The morning we left the homestead to go to Juneau for a wedding, we noticed that one of our boats had been moved.
A flotilla of small boats line both shores of Mud Bay. Residents rely on them for transportation when the tide serves or requires, as the case may be. We’ve stored our first homebuilt boat, Forget-Me-Not (a Bolger Teal) high on the bank for about 7 years. We sail her every now and then, but she belongs to Aly, technically, so it hasn’t seen much use now. On Thursday morning we found nothing of it but the rudder, seat, and other gear, including the mast and sprit. The sprit was broken, which we had not been aware of before. It appeared it might have been stepped on when the boat was moved.
We had to catch the ferry, so we could do little more than call some neighbors and the State Troopers from the terminal. No one had seen it; Haines has no trooper currently, so a Juneau trooper promised to look into it on his next patrol trip to town.
Bay folk have a general agreement that residents may borrow any boat in a time of need. We’ve never done this, because we figure a boat sits on one shore or the other for a reason; if we can’t return the boat right away, we feel we might strand the owner without their boat!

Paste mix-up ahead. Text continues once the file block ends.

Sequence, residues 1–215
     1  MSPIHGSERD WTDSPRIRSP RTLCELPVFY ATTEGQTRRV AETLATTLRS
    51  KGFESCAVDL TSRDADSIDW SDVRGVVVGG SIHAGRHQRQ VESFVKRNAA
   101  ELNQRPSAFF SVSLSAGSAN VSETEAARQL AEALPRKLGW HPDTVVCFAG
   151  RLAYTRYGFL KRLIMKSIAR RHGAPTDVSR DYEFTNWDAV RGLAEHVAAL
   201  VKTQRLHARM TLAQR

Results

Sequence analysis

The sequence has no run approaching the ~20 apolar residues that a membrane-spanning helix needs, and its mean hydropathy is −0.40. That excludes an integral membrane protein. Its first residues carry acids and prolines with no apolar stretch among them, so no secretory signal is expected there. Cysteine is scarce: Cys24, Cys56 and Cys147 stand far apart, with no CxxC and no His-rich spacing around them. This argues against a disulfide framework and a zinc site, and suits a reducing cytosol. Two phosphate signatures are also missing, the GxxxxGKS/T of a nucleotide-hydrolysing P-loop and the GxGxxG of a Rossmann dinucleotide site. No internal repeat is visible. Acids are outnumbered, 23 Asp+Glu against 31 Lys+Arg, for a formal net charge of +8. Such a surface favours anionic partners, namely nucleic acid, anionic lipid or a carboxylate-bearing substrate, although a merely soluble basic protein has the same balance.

We couldn’t figure out why someone would have chosen our little dory, which is far heavier and far harder for most people to use than the kayaks and canoes around her. It didn’t seem at all likely that someone had merely used it to cross the bay.
Eventually, that proved to be the case. A visitor to the far side of the bay chose our Forget-Me-Not merely because he is a boat builder, and it is a homebuilt wooden boat. He stayed through the tide, and walked home, leaving our boat on the far side for his hosts to return when they could.
These people are newer to Mud Bay, and didn’t know who owned the boat. Michelle happened to find it when she walked past it on the way home from work on Monday.
I regret that all through our weekend of visiting Juneau and celebrating a loved one’s wedding, our missing boat nagged at the backs of our minds throughout. It felt too much like the time another of our sailboats disappeared without explanation (see A Nasty Surprise Yesterday: Our Boat Disappeared!). This disappearance was, thankfully, far more benign.